PBC was initially promoted as an effort to return boxing to mainstream broadcast and cable television, as opposed to premium channels and pay-per-view. The first Premier Boxing Champions card was broadcast by NBC on March 7, 2015, and the promotion reached deals with an array of other broadcasters, with brokered cards scheduled across all four of the major television networks in the United States (ABC, CBS, Fox, NBC) and their affiliated sports-oriented cable networks (ESPN, CBS Sports Network, FS1, and NBCSN, respectively), as well as on outlets such as Spike and Bounce TV.
By 2018, PBC had established long-term deals (with rights fees) with Fox Sports and Showtime, and both outlets have since begun holding traditional pay-per-view events promoted under the branding.
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Although it promotes the media rights of its associated events, PBC is not considered to be a promoter, in compliance with the Muhammad Ali Boxing Reform Act (which forbids manager from also serving as a promoter). Haymon considers himself an “adviser” and manager.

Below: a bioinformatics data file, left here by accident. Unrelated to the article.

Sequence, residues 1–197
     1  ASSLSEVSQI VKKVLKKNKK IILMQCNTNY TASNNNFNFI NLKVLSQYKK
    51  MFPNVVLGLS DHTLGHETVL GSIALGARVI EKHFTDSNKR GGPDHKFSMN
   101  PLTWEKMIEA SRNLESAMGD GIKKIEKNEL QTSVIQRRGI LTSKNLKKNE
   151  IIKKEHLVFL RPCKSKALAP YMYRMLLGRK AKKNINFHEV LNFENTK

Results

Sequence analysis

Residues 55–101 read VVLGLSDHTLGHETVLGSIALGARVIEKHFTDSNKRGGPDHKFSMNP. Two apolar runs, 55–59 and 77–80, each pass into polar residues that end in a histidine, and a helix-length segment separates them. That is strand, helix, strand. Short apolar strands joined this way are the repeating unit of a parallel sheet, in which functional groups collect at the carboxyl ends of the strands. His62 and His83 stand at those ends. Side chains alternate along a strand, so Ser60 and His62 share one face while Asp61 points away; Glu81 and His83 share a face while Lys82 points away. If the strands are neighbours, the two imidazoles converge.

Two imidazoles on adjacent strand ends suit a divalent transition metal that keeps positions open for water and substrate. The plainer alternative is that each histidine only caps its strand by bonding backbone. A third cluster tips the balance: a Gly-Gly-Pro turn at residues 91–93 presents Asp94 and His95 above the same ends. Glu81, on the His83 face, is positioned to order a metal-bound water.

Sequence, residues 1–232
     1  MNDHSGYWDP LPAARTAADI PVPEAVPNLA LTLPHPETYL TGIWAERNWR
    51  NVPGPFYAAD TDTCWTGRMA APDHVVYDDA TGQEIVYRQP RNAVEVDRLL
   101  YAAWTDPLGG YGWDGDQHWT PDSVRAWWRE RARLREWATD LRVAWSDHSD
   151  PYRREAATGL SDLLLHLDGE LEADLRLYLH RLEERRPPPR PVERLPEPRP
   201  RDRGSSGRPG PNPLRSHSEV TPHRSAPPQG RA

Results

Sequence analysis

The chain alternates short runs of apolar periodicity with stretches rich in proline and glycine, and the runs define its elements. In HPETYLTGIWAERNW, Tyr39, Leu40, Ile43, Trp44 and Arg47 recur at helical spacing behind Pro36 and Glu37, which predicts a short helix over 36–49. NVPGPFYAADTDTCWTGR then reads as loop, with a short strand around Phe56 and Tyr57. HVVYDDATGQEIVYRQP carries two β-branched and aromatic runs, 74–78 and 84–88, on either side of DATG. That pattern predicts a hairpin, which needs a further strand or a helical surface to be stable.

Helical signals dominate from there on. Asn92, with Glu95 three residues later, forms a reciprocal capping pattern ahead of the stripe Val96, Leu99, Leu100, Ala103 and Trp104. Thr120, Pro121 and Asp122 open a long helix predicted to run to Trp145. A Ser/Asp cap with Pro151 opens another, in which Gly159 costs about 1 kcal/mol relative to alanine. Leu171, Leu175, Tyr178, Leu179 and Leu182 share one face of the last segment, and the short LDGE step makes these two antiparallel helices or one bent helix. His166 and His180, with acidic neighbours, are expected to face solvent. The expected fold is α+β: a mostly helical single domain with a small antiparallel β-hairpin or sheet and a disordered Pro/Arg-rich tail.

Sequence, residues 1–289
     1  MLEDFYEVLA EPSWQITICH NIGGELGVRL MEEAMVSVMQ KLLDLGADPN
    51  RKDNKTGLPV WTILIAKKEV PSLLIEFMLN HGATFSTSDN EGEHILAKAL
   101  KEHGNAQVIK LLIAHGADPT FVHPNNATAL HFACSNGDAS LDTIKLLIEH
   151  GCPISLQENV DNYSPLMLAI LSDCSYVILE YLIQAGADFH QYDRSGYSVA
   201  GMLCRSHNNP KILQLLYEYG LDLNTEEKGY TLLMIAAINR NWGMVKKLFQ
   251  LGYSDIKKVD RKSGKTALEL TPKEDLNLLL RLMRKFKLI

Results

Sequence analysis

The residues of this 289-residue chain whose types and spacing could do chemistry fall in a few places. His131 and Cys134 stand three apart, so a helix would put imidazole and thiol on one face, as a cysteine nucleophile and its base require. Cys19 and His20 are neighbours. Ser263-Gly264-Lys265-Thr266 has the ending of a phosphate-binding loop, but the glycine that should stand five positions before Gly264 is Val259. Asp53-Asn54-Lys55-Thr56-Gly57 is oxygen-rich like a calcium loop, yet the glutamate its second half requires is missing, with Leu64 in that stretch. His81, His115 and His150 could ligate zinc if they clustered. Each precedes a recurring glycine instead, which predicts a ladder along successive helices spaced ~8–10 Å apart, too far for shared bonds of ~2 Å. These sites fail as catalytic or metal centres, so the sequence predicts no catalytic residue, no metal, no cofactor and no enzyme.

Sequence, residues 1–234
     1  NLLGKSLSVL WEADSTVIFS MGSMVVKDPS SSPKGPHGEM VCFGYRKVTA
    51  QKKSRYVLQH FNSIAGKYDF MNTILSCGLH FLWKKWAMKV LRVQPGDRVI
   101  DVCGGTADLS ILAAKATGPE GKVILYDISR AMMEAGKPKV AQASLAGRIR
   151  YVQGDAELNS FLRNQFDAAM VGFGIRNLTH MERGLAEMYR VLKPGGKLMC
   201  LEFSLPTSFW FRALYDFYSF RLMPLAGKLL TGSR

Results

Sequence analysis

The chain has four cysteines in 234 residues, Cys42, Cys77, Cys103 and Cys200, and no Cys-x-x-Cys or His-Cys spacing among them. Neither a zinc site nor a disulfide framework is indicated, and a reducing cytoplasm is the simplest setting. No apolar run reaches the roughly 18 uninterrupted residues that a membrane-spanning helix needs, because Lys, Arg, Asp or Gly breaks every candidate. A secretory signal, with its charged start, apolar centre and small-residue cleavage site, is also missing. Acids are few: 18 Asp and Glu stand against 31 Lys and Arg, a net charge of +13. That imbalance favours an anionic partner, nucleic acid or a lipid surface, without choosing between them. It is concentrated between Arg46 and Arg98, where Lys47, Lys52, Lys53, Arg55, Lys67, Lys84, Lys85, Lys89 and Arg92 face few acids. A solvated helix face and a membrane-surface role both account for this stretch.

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Golden Boy Promotions and Top Rank both filed lawsuits against Haymon and the investors of PBC, arguing that through PBC and other internal intricacies, Haymon was serving as both a manager and promoter—actions which are forbidden under the Ali Act.
Additionally, the two promoters claimed violations of antitrust law, with Top Rank in particular claiming that Haymon was trying to effectively monopolize professional boxing in the United States by consolidating boxers, venue bookings, the events themselves, and broadcast rights under his ownership. Top Rank settled its suit in May 2016, while the Golden Boy suit was dismissed in 2017 after a judge ruled that it had “failed to demonstrate that there is a genuine issue of material fact”.
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